Turning prospects into paying customers is the biggest hurdle for marketers. Email marketing still plays a central role in this conversion, and companies that closely follow best practices will see the most long-term gains through sales emails that feature high open and click rates and ultimately result in sales.
Mobile optimization is an increasingly important practice, as nearly 50 percent of emails are now read on mobile devices, a trend that is likely to accelerate. Mobile devices render emails differently, so your design needs to accommodate as many platforms as possible. Pay special attention to how your email appears on devices that display full HTML emails, since you want to get the maximum exposure out of each message. You of course want any links to go to mobile-optimized sites, so you can continue a seamless interaction.
Every piece of marketing should include your social network links, and sales conversion email is no exception. The social and sharing buttons should be displayed prominently so users can talk about your content as efficiently as possible.
Creating a quality subject line is a blend of art and science. The art comes in your word choice and ability to impart a sense of urgency to the recipient. They need to feel that your offer will never be this good in the future or there is some implied scarcity so they need to move quickly. The science of subject lines comes from studying and avoiding common spam words and adhering to keeping the subject line short.
Before creating a sales conversion email, answer the question, "What do I want these recipients to do?" Your answer needs to be concrete, not just a vague desire to increase sales. If you want the recipients to consider your new product launch, then perhaps your email drives them to a video tutorial that includes a "buy now" link. You want a singular message and action so the recipient can know within seconds if they want to proceed or not. Avoid too many navigational links inside the email, instead directing the viewer to a single destination.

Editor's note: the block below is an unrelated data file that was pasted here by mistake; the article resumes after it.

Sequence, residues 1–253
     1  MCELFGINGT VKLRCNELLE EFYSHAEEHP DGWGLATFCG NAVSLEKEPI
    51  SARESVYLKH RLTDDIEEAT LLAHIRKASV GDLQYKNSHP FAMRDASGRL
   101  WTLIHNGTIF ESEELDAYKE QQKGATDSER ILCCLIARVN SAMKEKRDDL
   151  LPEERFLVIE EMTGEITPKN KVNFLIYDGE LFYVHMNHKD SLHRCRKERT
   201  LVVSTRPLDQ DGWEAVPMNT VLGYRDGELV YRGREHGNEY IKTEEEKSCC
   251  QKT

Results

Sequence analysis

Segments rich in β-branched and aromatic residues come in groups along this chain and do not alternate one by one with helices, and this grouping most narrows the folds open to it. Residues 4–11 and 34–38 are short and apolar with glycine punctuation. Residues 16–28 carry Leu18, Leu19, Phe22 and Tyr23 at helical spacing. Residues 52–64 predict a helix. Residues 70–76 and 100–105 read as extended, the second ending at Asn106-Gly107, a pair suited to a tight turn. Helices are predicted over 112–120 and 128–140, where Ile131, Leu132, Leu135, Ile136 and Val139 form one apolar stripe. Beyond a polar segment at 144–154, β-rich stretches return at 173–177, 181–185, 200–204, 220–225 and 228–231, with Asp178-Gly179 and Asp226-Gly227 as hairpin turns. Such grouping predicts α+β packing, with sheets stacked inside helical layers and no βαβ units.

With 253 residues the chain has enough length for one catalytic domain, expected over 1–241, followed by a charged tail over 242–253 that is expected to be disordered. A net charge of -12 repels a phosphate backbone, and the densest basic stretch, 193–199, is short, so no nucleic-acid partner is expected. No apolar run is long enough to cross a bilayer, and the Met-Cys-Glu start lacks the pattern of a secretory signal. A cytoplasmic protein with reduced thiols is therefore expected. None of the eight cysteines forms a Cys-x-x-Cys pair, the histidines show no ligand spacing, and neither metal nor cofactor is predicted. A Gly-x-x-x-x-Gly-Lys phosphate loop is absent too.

While this is a common best practice for email, making an email more "personal" does not just mean inserting the recipient's name in the first line of content. You can pull in personalization that reference past behaviors or actions. Perhaps they attended a webinar the day before or purchased a product two weeks ago. Sophisticated email marketers will insert such information to the email to make it more relevant and customized for the recipient.
A clutter-free design complements your single call-to-action. While you don't want the email to look barren or incomplete, a crisp design with intelligent use of white space will help you to frame your key message. Retain elements of your site and product branding so your sales email does not appear disconnected.
Avoid phrasing in the subject or body content such as "act now," "free offer," or "risk free." You need to suggest urgency and excitement with more creative language. You also want to be sure your recipients can unsubscribe. This might seem counterintuitive, but presenting a conspicuous unsubscribe link might encourage dissatisfied recipients to click "unsubscribe" instead of "spam," with the latter posing ramifications for your ability to send emails.
Do not waste your quality design and beautiful prose and then forget contact information. If you have the recipient's interest, you want to make it easy for them to jump to a live chat or phone conversation so any questions can be answered quickly.
Proper segmentation means separating out both your list and email content into logical groups. Converting a recipient to complete a sale means you need to present them with a relevant and timely offer, that's the benefit of segmentation. Having various segments also means you have more potential for A/B testing and longer-term trend analysis so you can continue to improve.
Kevin Gao is the CEO of Comm100.
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I have read numerous articles on subject lines and they always give great examples of what not to use. Things like "free sample" or "act now" but I have never read one that gives some ideas and samples of what you can use. How about some positive direction on what we can do instead of only what we cannot.
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